What’s the definition of a pandemic?

To understand pandemics, the one that puts matters in context is the Spanish flu of 1918. It was caused by the H1N1 virus which had an avian origin.

A pandemic is obviously a global outbreak.  It is due to a virus that is “easily and spread from person to person in an efficient and sustained way,” according to The Center for Disease Control. How easily spread? During the Spanish flu, nearly one-third of the world population between 1918 and 1919 was infected by H1N1. (An epidemic, by contrast is not global, but also spreads fast. The 2013 Ebola epidemic in Western Africa which killed about 11,000 people.)

The panic caused by a pandemic is the result of a lack of information, leadership, and a slow response. In the 2009 pandemic (the H1N1 ‘flu), it took 26 weeks for a vaccine to become available. Not too long ago, Bill Gates warned about our need for preparedness for a pandemic. As we get to grips with the gravity of COVID-19 and pandemic we are living in, it’s worth watching his TED Talk on this.

Student project on ‘The Future is Now,’ a sneaky lesson plan

This semester too I have my students work on a 4-page report on the future by having  them address technologies that they believe is impacting them right now. While my present concerns include Blockchain, bio-metrics and Cube-sats, theirs includes contact lenses that  monitor health, stratospheric balloons, the ‘cyber truck,’ drones, and AI. Speaking of which, smart speakers and robots become huge topics of discussion.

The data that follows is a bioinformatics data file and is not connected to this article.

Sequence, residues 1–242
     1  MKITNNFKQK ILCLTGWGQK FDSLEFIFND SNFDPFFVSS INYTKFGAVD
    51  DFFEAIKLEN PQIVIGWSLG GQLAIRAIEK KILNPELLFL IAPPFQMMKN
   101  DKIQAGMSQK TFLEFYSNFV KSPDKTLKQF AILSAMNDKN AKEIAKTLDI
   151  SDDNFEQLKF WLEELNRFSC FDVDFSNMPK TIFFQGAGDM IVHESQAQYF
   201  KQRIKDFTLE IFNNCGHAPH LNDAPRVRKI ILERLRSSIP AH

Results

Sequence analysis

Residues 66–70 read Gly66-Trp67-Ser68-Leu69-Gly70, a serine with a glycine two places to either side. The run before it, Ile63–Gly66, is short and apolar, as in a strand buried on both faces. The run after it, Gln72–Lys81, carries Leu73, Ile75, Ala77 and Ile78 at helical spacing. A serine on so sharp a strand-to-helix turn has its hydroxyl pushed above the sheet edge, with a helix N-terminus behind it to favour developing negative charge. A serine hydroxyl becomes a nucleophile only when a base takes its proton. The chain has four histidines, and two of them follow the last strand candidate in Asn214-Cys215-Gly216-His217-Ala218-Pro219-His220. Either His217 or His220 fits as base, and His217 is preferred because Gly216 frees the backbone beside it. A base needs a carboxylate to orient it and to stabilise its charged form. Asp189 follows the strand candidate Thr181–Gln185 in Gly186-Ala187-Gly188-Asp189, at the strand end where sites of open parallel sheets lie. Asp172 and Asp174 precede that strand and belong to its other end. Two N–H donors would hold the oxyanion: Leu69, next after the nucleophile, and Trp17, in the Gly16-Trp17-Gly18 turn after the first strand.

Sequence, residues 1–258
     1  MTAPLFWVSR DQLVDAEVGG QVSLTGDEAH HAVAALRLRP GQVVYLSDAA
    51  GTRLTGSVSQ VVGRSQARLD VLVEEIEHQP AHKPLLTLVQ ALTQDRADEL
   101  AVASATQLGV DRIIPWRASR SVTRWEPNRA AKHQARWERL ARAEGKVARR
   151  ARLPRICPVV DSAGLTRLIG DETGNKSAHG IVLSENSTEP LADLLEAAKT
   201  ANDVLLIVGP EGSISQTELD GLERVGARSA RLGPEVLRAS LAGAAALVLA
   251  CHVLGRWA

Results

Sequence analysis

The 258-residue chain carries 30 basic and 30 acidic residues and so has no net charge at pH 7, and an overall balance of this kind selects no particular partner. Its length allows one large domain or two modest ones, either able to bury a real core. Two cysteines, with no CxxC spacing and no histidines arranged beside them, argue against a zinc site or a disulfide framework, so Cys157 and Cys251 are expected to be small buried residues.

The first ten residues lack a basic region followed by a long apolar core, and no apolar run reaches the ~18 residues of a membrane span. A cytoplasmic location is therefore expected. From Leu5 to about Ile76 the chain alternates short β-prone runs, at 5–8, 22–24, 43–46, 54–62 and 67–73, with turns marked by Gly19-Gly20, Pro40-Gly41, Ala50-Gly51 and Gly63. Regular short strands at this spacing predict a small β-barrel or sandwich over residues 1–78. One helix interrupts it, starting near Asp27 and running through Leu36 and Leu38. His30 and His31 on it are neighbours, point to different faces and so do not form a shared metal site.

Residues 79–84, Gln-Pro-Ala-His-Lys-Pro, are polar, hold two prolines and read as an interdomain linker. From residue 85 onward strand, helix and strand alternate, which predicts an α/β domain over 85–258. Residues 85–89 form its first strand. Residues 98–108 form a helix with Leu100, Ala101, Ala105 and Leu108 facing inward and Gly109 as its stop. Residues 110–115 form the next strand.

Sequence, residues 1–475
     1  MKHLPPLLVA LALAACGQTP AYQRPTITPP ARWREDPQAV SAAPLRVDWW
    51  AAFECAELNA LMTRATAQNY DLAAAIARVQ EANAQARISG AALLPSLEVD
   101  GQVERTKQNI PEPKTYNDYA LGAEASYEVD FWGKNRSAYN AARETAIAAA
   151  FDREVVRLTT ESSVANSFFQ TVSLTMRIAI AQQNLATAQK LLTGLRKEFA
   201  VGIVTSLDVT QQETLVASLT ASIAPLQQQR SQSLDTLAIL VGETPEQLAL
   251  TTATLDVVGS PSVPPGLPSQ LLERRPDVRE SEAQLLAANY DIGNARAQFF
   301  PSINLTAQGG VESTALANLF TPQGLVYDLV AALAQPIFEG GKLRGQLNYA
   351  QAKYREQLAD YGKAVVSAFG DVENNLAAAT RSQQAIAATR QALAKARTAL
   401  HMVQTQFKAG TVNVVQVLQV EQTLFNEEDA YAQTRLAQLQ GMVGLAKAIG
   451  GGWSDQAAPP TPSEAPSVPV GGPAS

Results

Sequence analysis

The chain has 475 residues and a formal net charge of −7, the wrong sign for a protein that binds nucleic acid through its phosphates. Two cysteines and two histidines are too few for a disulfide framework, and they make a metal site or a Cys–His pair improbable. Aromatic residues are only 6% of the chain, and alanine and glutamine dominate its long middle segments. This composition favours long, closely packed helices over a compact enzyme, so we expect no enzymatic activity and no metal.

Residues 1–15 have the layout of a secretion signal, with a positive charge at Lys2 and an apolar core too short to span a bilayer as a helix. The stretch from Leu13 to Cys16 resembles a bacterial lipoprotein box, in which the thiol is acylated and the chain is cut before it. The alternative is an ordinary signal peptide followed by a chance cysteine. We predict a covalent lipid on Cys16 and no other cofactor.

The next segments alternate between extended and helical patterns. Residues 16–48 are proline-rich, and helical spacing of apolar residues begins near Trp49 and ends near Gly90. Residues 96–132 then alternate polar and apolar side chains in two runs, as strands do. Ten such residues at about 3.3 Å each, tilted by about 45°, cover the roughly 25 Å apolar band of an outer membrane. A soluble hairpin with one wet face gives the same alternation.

So many sidebars, so many diversions, but there is no shortage of passion about these utopian/dystopian technologies. [This week I showed them a story about how Tik-Tok, an app that most teens could not seem to be able to live without, is suspected of being a ‘parasitic’ data-harvesting operation.]

Earlier this week we discussed logos, and I showed them how to create their own logo, and  insert it in the report. The goal is to treat this as a  professional report, as if they were working for a consulting company.  Our 2-week project that’s due before Spring Break, teaches them:

  • How to research five topics, beginning with Google’s Moonshot factory
  • Formatting a report using features in the ribbon of Google docs & Microsoft Word.
  • Citation of sources .

The Lesson Plan Evolves. Over the past few years I have discovered that a report like this, intimidating at first, helps students gain a broader vocabulary about technologies they are being exposed to. They also learn how to develop critical thinking about  hardware and software, which is part of the scope of this class.  I’ve revised this lesson plan many times, and changed the pace to deepen the research, and get students comfortable with long-form content.

Not reading, not writing well is becoming a default mode, sadly. As I continue to teach ‘computers’ and have students sit in front of screens, I am determined to make sure that they leave my class with much more than technical skills.

The business model of social media is affirmation, not information!

Disturbing revelation from tech insider, Tristan Harris. More unsettling for anyone who assumes the apps we use are benign. Or that mental health issues have nothing to do with screen addiction.

Please watch this video and share it with someone. 

Tristan Harris is the co-founder of the Center for Humane Technology. The Center has practical steps to counter the effects – at a policy level, and in our daily lives.  Of course no one wants to hear this. Everyone should.